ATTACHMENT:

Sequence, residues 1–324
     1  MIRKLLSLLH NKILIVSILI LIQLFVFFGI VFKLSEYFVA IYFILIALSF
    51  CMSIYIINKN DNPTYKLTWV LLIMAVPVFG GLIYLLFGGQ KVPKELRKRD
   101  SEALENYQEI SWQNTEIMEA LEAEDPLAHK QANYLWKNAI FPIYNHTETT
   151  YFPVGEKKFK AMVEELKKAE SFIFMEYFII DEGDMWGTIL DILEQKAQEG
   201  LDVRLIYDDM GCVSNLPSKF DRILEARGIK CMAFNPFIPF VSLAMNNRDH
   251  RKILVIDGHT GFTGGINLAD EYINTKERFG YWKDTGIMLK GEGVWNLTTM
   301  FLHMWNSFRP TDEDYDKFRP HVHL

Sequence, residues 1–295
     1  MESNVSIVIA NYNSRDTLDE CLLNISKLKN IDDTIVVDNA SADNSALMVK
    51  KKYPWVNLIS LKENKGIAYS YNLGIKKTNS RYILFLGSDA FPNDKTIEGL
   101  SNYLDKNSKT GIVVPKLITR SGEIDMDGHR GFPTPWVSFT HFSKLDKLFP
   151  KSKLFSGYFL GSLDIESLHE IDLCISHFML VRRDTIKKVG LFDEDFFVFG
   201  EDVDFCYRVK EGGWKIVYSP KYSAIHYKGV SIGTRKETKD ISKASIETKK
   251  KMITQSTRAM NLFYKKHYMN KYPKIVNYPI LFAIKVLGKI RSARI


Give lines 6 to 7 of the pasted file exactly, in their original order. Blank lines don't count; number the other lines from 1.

   201  LDVRLIYDDM GCVSNLPSKF DRILEARGIK CMAFNPFIPF VSLAMNNRDH
   251  RKILVIDGHT GFTGGINLAD EYINTKERFG YWKDTGIMLK GEGVWNLTTM